There were some funny jokes like the dogs playing with squeaky toys of superheroes. There were humorous references to other superhero franchises, like Superman ironing a shirt with his laser vision and toying with the idea of calling himself Iron Man.  I laughed at the recording of Krypto's father that always started the same way and Krypto saying he needed a skip intro button. And I was very amused by the character of a kitten given superpowers who became a living weapon as a result.

However, some scripting choices were a bit off. Merton the sweary tortoise got bleeped on a couple of occasions instead of cutting away or substituting other words as happens in most animated movies. Maybe the studio thought it was in keeping with DC's attempt to be the 'edgy' comic book franchise. I don't think any of the kids watching with us picked up on it, but it felt clunky. 

Another misstep was the production team's assumption that the audience would know who everyone was, especially when human superheroes turned up. I got some of the references and inside jokes, and I imagine DC super-nerds would get more. However, I don't think the jokes are so good it is worth investing the time and effort to become a DC super-nerd just to get the references. 

There were also scenes that play on Batman's origin story and take the mickey out of the darkness in the Dark Knight. But that road has already been well trodden in The Lego Movie and The Lego Batman Movie (reviewed here). The jokes at Batman's expense in Superpets felt hackneyed as a result, so even this self-deprecation by the franchise felt stale.

Overall, I enjoyed the film and don't regret going to see it. But my main impression is that even in an animated film which is supposed to be aimed at children and therefore a bit silly, the DC franchise can't escape from its own drawbacks. 

Tuesday, September 20, 2022

Snack(s) of the Month - Rootles & Crackzels

A few snacks this month. Starting off with some biscuits that are probably less healthy than they look. They are called 'Rootles' and are made with root vegetables. These were reduced in the supermarket so I thought I would give them a try.

There were two types available, so I bought both packets. One was made with carrots and the other was made with beetroot.

There are three biscuits in each packet.

They had an odd consistency, with the biscuit being slightly gritty. Cathy said they reminded her of Grape Nuts breakfast cereal. The chocolate coating was thin and brought a bit more sweetness to the biscuits. 

The vegetables give the colour of the biscuit a slight tinge. I couldn't really taste the vegetables so if you aren't keen on the taste of vegetables, don't worry, you'll be fine. 

Cathy bought me the other snack I'm blogging about this month. I have tried a few different types of pretzel snack like this and have no hesitation saying these are the best.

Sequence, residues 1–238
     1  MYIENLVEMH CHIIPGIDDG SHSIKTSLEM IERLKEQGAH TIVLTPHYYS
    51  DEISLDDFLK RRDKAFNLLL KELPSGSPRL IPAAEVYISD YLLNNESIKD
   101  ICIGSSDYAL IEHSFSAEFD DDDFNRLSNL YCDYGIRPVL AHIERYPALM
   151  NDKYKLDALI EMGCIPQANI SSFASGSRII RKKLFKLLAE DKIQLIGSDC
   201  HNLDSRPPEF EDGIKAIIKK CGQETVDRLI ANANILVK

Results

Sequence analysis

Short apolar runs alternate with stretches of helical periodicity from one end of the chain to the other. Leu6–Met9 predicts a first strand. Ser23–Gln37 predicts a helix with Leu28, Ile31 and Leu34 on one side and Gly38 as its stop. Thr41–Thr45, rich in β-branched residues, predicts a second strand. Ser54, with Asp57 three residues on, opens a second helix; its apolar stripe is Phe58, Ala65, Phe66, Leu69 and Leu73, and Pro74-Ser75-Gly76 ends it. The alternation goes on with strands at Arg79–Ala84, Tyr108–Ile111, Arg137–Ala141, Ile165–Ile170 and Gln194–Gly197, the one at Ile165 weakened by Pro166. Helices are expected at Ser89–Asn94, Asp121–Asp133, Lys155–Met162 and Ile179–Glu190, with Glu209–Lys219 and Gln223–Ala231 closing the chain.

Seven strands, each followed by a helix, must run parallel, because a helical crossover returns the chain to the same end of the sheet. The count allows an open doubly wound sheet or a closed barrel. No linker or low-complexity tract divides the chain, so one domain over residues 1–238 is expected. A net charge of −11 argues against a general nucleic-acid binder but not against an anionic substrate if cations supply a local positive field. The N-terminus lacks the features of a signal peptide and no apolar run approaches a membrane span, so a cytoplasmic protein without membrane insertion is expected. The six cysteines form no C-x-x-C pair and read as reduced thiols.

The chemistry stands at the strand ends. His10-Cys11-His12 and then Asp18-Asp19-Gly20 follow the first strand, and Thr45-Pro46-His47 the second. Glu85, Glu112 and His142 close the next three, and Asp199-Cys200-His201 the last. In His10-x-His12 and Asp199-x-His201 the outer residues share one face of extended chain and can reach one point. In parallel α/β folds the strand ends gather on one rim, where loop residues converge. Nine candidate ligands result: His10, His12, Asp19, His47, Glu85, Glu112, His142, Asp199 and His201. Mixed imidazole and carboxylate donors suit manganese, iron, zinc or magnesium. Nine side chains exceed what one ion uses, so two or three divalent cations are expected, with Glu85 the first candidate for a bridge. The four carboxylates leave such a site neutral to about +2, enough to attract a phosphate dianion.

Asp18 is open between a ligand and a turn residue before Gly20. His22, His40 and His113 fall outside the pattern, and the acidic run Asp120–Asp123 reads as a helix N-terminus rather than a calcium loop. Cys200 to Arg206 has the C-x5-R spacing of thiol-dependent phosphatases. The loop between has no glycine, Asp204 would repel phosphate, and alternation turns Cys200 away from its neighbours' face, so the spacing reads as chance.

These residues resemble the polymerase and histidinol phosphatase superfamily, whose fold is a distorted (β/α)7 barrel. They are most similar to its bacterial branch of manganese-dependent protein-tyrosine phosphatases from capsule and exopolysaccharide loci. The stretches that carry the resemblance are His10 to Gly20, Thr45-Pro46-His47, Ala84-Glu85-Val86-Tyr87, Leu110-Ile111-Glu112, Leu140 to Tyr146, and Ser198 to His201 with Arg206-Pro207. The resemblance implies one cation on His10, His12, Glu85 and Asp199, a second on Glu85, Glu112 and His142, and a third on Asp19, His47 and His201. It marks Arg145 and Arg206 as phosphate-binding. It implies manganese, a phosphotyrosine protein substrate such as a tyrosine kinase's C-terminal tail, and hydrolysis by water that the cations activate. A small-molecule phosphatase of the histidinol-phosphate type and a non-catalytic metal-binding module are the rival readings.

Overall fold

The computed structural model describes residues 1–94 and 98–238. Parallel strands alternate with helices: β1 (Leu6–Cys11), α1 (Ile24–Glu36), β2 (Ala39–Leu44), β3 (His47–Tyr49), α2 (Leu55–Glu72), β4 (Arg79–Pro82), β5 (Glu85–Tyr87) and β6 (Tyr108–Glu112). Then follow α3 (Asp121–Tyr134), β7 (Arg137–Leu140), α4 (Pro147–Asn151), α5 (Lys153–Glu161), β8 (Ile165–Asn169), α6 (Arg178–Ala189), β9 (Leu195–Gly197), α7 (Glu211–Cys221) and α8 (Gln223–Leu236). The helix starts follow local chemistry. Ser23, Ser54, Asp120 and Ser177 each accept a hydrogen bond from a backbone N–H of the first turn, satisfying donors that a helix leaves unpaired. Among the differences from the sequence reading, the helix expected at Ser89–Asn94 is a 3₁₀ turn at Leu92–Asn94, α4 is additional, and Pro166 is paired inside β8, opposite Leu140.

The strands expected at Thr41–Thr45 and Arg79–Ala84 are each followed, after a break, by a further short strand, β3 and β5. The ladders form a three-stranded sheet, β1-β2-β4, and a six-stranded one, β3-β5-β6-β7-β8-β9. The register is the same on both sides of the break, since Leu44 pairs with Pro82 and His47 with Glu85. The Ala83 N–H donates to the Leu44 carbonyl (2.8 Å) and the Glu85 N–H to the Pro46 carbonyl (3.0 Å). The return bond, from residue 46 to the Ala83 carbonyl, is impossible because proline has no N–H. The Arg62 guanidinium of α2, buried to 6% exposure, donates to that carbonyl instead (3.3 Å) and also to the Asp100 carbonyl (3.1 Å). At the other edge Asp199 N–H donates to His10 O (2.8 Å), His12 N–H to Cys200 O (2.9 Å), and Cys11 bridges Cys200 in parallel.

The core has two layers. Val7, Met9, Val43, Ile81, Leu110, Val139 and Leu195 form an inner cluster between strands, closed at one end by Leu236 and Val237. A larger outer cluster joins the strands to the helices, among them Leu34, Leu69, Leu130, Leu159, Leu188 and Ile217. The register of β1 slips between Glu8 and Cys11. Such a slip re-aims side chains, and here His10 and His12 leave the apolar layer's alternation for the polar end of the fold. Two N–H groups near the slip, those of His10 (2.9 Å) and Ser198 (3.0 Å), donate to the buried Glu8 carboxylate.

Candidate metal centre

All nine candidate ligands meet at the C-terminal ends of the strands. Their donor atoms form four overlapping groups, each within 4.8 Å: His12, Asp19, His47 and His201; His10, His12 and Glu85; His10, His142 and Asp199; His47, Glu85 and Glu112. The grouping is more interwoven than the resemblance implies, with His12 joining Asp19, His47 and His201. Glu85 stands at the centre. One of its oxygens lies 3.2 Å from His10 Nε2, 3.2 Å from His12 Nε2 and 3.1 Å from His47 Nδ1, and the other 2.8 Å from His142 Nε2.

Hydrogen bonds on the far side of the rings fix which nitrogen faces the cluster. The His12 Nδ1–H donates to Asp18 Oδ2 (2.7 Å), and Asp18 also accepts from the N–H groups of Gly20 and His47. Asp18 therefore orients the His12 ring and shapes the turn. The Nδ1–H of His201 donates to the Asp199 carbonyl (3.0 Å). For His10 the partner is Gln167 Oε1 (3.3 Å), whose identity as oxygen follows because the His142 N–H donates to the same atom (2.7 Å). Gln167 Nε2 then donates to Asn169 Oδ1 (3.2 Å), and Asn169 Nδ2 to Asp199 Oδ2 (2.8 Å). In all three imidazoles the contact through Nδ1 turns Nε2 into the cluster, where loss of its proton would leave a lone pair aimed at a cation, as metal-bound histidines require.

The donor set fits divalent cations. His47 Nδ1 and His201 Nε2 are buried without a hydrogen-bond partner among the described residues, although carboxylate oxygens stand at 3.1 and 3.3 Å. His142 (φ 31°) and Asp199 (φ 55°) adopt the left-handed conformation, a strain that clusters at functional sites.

The pretzel pieces are crunchy and the jalapeno flavouring is quite powerful, with a warm spicy kick that lingers. 

There is a decent amount in the packet, which means a packet will last a length of time if settling in for the evening on the sofa. (I tested this.)

The pretzel pieces were very munchable, and given the choice between Crackzels and Rootles, it would be Crackzels again for me. 

Monday, September 19, 2022

A tale of two funerals

On Saturday night Cathy and I watched a livestreamed memorial service for Cathy's first cousin once removed, Andrew. Personally, I had never met Andrew as he moved to another continent before I ever met Cathy. However, through the service streamed from Vancouver, I felt I got to know him. 

The tributes from Andrew's daughter, his friends and colleagues in Christian ministries, were warm and moving and shared some of the character and keen interests of Andrew as a person. 

Today we watched the state funeral of Queen Elizabeth II. There was a contrast. Not just in the scale, but in the content.

In the Archbishop of Canterbury's tribute, he quoted some of the statements the Queen made in various public speeches. But, as in life, so also in death, it was very much repeating what was already known publicly. There were no anecdotes or accounts of how people asked for advice. It was strangely impersonal, following the identikit pattern of the funeral service book. Her name was said in the commissioning at the end, and that was about it. 

In some ways I feel sorry for the Queen's family, with their personal loss and grief being co-opted by so many people and made inescapable. The expectations of a State Funeral outweighing any wish to express their own loss and their own love. I hope for them they get some sort of space for that at the interment or in a private memorial.

The contrast between the two services has made me think that tributes from those who knew us and loved us are more valuable than any level of pageantry. I know which one felt more meaningful.